He'll Be Back Some Day

Joschka Fischer will one day return, because German politics will find it very difficult to wean itself from him.

Now Joschka Fischer is also going home. His party, the Greens, did not succeed in the elections. He assumed responsibility and announced his resignation as party leader.

I know Fischer well from his "rebel days" against the German establishment. Comparisons were often made between Meretz here and the Greens there, and there really was similarity between the two.

When I stepped down as chairman of Meretz after the failure in the last Knesset elections, he tried to dissuade me from my decision. You are not to blame for the disappointing result, he said. And I told him that I might not be to blame, but I am definitely responsible. Now Fischer has reached the same realization.

Two weeks ago, I called him and expressed my sorrow over his resignation. Fischer said he was completely at peace with his decision, and I believed him.

Joschka Fischer was for many years the most popular politician in his country. He was much more than a likable politician. When he resigned, he referred to himself as the last rock `n' roll singer in German politics giving "live performances," while the typical politician today is already from the "playback generation."

Three years ago, in 2002, I joined him on a round of "live performances" in Germany prior to the election primaries there. He invited me to speak about his contribution to our region, which is truly unique.

I hesitated before consenting; after all, a scandal could erupt in Germany - here comes a foreign politician to meddle in the election campaign. Fischer provided me with an unsettling and intimidating experience for an Israeli and Jew. Of all of our joint appearances, I'll never forget the rally in Frankfurt, in the presence of about 30,000 Germans. He spoke and I spoke, and the echoes of our voices resonated throughout the huge square. I stood there with wobbly knees, thinking how a Jewish voice from Israel was blending into the echoes of history. After all, Hitler also stood in this square less than 60 years ago and delivered a speech.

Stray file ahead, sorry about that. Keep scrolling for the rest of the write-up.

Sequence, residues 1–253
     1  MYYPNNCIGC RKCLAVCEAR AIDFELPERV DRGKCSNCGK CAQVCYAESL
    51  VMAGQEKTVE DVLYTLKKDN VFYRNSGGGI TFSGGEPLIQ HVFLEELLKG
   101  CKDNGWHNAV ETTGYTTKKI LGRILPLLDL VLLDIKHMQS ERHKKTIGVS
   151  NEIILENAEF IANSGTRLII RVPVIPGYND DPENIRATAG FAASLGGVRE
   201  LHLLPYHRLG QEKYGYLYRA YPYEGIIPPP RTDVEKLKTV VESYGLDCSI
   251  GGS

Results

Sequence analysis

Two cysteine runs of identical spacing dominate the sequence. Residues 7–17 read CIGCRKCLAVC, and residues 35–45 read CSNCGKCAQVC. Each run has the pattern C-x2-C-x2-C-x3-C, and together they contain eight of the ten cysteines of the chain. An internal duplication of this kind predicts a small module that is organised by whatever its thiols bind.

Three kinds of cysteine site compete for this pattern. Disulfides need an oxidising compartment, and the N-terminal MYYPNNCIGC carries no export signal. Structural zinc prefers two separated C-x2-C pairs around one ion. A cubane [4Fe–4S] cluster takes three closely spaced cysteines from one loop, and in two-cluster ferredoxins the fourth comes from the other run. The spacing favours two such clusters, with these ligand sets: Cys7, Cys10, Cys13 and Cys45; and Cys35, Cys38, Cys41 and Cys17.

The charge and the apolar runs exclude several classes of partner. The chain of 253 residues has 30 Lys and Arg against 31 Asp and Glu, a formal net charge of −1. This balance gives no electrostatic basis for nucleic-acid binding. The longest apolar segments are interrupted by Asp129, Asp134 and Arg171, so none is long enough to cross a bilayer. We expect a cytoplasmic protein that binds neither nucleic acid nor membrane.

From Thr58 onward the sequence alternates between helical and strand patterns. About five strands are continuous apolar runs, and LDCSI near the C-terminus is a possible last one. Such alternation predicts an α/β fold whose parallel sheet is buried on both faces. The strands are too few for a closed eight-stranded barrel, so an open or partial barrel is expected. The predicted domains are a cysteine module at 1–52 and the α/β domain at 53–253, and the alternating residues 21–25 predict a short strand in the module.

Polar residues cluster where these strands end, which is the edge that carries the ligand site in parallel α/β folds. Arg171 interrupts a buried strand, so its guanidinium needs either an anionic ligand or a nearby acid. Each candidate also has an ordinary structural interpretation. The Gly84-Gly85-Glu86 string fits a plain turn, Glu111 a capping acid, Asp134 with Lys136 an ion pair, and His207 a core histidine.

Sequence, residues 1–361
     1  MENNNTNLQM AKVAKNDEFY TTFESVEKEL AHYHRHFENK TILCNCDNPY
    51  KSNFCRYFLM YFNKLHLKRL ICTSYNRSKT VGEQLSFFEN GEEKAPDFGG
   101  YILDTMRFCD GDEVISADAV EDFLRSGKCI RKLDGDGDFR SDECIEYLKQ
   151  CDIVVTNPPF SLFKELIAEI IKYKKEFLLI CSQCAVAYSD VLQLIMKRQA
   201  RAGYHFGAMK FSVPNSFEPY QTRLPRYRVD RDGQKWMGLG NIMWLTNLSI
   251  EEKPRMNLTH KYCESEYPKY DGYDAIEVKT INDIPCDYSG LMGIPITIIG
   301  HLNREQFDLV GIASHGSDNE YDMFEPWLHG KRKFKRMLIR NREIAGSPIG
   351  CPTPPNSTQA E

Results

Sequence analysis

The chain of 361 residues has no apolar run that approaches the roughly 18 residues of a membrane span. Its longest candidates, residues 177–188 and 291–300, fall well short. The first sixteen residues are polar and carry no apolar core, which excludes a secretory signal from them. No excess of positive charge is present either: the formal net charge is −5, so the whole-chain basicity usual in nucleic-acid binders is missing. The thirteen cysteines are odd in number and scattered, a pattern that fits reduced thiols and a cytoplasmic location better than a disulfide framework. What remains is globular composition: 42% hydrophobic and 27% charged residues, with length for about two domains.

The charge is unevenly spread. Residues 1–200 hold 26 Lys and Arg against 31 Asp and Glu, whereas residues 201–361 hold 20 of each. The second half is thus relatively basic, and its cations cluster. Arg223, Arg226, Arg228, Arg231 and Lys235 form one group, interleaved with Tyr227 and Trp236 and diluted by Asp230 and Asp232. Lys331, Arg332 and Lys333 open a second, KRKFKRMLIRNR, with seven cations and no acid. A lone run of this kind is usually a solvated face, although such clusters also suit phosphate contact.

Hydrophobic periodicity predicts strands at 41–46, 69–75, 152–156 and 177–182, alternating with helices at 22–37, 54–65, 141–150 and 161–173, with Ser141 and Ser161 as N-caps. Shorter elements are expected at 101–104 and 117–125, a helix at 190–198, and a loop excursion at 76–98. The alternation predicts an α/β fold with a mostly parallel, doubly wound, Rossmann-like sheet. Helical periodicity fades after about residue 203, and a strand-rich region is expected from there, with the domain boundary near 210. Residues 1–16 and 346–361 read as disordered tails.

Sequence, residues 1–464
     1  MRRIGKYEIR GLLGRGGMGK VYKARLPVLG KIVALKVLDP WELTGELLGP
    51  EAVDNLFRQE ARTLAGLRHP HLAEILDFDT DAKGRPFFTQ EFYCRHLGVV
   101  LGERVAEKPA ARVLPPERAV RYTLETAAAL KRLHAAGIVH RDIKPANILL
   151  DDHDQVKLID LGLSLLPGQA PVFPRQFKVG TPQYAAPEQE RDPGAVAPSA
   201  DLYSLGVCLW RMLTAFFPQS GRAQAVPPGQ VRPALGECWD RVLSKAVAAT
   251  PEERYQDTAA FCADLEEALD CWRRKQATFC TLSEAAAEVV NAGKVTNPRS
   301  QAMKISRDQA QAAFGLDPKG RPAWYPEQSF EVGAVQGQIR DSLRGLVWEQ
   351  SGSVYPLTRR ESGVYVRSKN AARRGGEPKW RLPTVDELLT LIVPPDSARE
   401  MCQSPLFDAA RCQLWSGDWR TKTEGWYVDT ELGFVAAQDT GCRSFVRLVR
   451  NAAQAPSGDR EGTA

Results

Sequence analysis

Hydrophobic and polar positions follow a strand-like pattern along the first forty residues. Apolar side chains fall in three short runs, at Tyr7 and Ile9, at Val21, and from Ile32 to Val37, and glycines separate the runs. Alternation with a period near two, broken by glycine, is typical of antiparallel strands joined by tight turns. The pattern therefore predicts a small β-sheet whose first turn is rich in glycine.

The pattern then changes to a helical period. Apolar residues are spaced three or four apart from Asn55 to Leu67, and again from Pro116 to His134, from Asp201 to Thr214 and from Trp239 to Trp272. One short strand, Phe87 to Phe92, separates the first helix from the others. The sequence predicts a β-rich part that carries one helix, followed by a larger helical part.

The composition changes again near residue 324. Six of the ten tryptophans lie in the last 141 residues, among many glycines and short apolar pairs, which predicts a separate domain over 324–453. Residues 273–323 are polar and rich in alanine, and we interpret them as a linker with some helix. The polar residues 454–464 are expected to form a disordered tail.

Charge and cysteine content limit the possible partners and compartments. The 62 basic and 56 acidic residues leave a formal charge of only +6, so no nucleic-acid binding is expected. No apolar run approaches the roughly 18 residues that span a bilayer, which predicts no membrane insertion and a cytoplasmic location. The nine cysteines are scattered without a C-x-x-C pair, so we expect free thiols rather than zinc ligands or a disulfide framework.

Fischer is at peace with himself, but he also must be disappointed: A charismatic and charming politician, a world-renowned foreign minister, a leader of a small party that aspired to greatness, and here again the ballot boxes closed and the Greens found themselves in the embarrassing position of the fifth-largest party in the country.

Why does this happen to them and to small parties every time? Why, despite their well-developed platforms and superior operation, are they unsuccessful in making a breakthrough and replacing the large parties? They always toy with the hope that one day they will no longer be the fifth wheel, but they are always disappointed.

This is the fate of the junior partner in any government. When there is a success, it is attributed to the boss, and his deputy is forgotten. When there is a failure, the deputy is also blamed, and perhaps the failure is attributed mainly to him. Second, over time, the large parties reap the ripe ideological fruit of the small ones and become more like them. They are even saying about Ariel Sharon that he is "left of Meretz," and Social Democrats in Germany say they are like the Greens, and even the Christian Democrats are "almost like them." And the voters do not remember the ones who first sowed this fruit.

And the third reason for the fate of the small parties is the most aggravating of all: The large parties remain large only because they are big - their size is self-perpetuating. The large parties, besides their size, have nothing special and interesting to offer. An original idea has never sprouted in the broad meadow of the chief parties and they have never forged a breakthrough; and the electorate, for the most part, tends to herd contentedly in this grassy meadow. This is the reason why Fischer never had the chance to be elected chancellor, despite his talents, just as Meretz never had a chance to see its leader elected prime minister.

Despite all this, I have a feeling that Joschka Fischer will one day return. This is not because he is incapable of weaning himself from politics, but rather because German politics will find it very difficult to wean itself from him. It is true that one generation comes and another generation goes, and that a replacement can be found for every leader, but who really enjoys a performance without live musicians and singers, just with playback music?